Purple-K Protects Brooklyn Oil-Gas Plant
WHAT SOME ENGINEERS regard as the last word in industrial fire protection is now guarding the Brooklyn Union Gas Company’s Greenpoint works in Brooklyn, N. Y., one of the nation’s largest oil-gas manufacturing plants.
Designed to suppress quickly any fire in a generator house criss-crossed with high-pressure oil lines, the new fire system consists of: a spherical tank containing 4,000 pounds of Purple-K, the highly effective potassium bicarbonate dry chemical fire-extinguishing agent; a series of 11 hose stations supplied with dry chemical, which is directed from the supply tank through selector valves which, in turn, direct the chemical to the hose stations on two upper floors where a fire might occur. Eight 400-cubic-foot cylinders of nitrogen, each with 2,640-psi pressure, are used to expel the extinguishing agent.
Potassium bicarbonate-base dry chemical, developed by the Navy for aircraft crash fires, has only recently become available to industry. It is rated by Underwriters’ Laboratories to be approximately twice as effective as sodium bicarbonate-base dry chemical.
A unique feature of the system at Greenpoint is that it may be activated by pulling a lever at any one of the remote stations without one having to go back to the tank area itself on the ground floor. Also, the remote hose lines may be operated singly, or in various combinations.
Emergency push buttons that immediately halt the pumping of oil in all fuel lines throughout the building are located near each remote station and at other locations in the building. In addition, a supplementary fire system, consisting of salt-water hose lines with fog nozzles, is available to cool down metal after extinguishment by the dry chemical, thus preventing possible re-ignition.
Quite compact in appearance, the heart of the new dry chemical system occupies a space only 17 feet in length, 10 feet wide and 6 feet high on the ground floor of the generator house.
Describing the Brooklyn Union system as unique in both concept and performance, engineers in the Fire Protection Products Division of The Ansul Company which designed the unit, said they believed that the 4,000pound capacity of the system gives that utility one of the greatest concentrations of fire-killing power ever to protect a single fire hazard in the industry.
Nature of the exposure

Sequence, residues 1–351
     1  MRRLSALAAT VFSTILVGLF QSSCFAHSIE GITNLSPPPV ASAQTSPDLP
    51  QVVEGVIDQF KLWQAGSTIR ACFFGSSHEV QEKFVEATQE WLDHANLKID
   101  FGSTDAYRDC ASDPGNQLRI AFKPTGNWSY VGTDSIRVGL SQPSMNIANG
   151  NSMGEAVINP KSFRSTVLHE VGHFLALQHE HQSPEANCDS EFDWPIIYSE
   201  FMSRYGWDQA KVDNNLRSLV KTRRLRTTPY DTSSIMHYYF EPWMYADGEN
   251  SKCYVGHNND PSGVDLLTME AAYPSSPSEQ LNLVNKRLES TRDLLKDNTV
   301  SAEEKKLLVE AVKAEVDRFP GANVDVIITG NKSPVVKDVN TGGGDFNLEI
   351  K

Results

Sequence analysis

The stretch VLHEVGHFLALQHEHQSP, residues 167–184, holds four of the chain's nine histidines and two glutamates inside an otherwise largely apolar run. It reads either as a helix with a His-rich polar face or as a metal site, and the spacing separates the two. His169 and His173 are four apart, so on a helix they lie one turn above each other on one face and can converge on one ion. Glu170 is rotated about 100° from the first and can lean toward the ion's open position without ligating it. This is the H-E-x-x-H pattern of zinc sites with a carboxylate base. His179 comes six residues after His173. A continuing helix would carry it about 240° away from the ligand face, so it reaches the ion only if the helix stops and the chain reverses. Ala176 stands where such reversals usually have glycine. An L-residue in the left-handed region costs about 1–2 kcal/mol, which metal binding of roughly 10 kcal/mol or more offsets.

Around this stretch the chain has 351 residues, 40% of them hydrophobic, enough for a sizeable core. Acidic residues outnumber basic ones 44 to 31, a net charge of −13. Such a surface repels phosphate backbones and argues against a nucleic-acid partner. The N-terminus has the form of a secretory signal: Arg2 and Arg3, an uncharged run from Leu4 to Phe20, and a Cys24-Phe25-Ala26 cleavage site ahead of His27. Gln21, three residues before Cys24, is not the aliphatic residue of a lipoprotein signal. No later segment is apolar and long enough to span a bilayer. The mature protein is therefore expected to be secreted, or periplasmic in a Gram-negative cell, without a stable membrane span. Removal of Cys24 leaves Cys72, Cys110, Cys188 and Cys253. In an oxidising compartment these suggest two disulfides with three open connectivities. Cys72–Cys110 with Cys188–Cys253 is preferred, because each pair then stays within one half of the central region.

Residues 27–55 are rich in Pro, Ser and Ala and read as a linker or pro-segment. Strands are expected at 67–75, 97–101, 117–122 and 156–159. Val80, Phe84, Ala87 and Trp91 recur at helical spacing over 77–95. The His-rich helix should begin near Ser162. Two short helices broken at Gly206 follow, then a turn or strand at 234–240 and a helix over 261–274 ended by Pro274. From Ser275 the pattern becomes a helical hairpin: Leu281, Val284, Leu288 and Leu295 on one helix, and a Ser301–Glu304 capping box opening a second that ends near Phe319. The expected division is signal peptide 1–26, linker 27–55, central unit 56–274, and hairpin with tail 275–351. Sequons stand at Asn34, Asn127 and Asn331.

The generator house, in which the new fire system is located, was formerly used by Brooklyn Union Gas Company for the manufacture of carbureted water gas of approximately 537 Btu’s per cubic foot. When the company converted a few years ago to the sale of natural gas with 1,000 Btu’s per cubic foot, the generator house became a supplementary or stand-by plant, which went into action only during periods of extended cold weather, or when pipeline transmission of natural gas from Texas was restricted for one reason or another. In order to adapt the old generator house to the manufacture of 1,000Btu oil-gas, it became necessary, among other projects, to increase the plant’s fuel consumption drastically.
With a capacity of 102 million cubic feet of manufactured oil-gas per day, the Greenpoint works is one of the largest plants of its kind in the United States. When under full operation, its 11 oil-gas machines in the generator house consume 60,000 gallons of fuel feedstock per hour. To feed this amount of fuel into the machines, six pumps with a pumping capacity of 2,500 gpm at 250 psi are used. The fuel lines are of 6-inch diameter, with 2-inch-diameter branches running off to the generators and carburetors.
Features of the new system
The increase in oil-handling capacity prompted the company to decide on an improved fire protection system. After extensive consultations with engineers, a system was developed which permits an employee to start pouring the dry chemical onto a fire anywhere in the plant within a matter of seconds.
The 11 remote stations are all located near stairwells, so that in case fire breaks out on one floor, industrial fire fighters on other floors can quickly run hose up or down stairs and bring additional lines to bear.
At eight of the remote stations, the operators have 50 feet of 1-inch hose to work with, while the three other stations are each equipped with 100 feet of 1-inch hose.
The discharge range of the dry chemical from each nozzle is 40 to 45 feet. When operated singly, each has a flow rate of 11 pounds of dry chemical per second. This amounts to a total discharge time of 6 minutes before the extinguishing agent is exhausted if one nozzle is used. When four hose lines are operating in unison, the How rate for each line is 9 pounds of dry chemical per second, in which case the total discharge time becomes approximately 1 minute 50 seconds.
Instead of a maximum of 350 pounds of dry chemical available in a single wheeled unit, one operator now has up to 4,000 pounds of dry chemical to extinguish a fire.
The new system, with outlets strategically located, eliminates the time required to move wheeled or portable extinguishers to the scene of the fire. In fighting oil fires under pressure, the saving of these vital first few seconds often may be decisive in achieving extinguishment.